2019/12/31

Welcome to the Ecstasy Language, the first programming language built for the cloud!

This is an official blog of the Ecstasy Language open source project at xtclang.org.

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  •  @xtclang - Official Twitter account for the xtclang project.
Current Status:
  • Prototype / Pre-Alpha

Email Inquiries: info at xtclang dot org

2019/10/13

More turtles

The Ecstasy type system is called a Turtles Type System, because "it's turtles, the whole way down". This is, in many ways, a revolutionary approach to type systems. Object type systems have traditionally had primitive types (like a "periodic table of elements" for the language) from which all other types are built, but in Ecstasy things are a bit different. For example, an Ecstasy integer is composed of an array of bits, each of which is composed of an integer literal (0 or 1), which is in turn composed of a string, which is composed of an array of characters, each of which is composed of an integer. So we're right back where we started, with an integer -- and you can just recurse infinitely, because the types are all turtles.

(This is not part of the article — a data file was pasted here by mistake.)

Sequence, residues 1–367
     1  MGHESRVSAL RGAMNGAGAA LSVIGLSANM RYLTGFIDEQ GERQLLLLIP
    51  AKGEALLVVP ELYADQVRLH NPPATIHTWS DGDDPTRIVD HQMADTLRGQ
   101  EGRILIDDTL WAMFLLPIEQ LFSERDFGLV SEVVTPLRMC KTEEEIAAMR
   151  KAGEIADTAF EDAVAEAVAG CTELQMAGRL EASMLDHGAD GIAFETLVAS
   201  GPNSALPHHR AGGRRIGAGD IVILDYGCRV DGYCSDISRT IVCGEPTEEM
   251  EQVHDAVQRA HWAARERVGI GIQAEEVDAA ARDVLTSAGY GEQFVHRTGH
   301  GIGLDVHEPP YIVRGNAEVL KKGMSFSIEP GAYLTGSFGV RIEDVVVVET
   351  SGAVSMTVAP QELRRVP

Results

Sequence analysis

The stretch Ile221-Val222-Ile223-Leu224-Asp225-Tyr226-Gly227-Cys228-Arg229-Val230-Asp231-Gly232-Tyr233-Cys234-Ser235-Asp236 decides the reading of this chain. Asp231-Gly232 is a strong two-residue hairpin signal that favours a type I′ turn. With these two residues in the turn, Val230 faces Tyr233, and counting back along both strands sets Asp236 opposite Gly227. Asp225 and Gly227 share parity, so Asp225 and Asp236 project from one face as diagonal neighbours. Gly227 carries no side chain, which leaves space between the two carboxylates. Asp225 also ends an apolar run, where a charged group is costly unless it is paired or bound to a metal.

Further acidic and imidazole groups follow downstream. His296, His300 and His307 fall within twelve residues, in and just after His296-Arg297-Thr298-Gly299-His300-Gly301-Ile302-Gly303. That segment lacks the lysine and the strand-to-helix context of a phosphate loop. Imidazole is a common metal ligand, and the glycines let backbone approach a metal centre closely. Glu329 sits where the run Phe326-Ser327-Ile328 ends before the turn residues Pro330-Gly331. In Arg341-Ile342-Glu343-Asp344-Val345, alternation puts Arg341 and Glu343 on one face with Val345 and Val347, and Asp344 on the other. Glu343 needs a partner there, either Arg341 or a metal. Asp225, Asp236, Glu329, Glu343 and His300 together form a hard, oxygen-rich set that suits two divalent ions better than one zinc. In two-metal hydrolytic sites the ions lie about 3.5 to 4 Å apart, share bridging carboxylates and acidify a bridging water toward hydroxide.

Making a type system like this actually work is a challenge, so it didn't appear all at once. Recently, support for recursive type definitions was added, in order to support the JSON parsing project. Consider the following Ecstasy code:

/**
 * JSON primitive types are all JSON values except for arrays and objects.
 */
typedef (Nullable | Boolean | IntLiteral | FPLiteral | String) Primitive;

/**
 * JSON types include primitive types, array types, and map types.
 */
typedef (Primitive | Map<String, Doc> | Array<Doc>) Doc;

Here, in two lines of code (which could even be simplified to a single line, if we didn't want to split out primitive JSON values), we see a complete Ecstasy mapping of the JSON specification. That second typedef, though, is a doozy, because it refers to itself. If you stop and read it carefully it makes a lot of sense: A JSON document is either a primitive value, a map of string keys to JSON values (each of which could be an entire recursive document structure), or an array of JSON values (each of which could be an entire recursive document structure).

To keep it simple, consider the following example:
typedef (Int | List<Manifold>) Manifold;

Manifold m1 = 9;
Manifold m2 = [m1];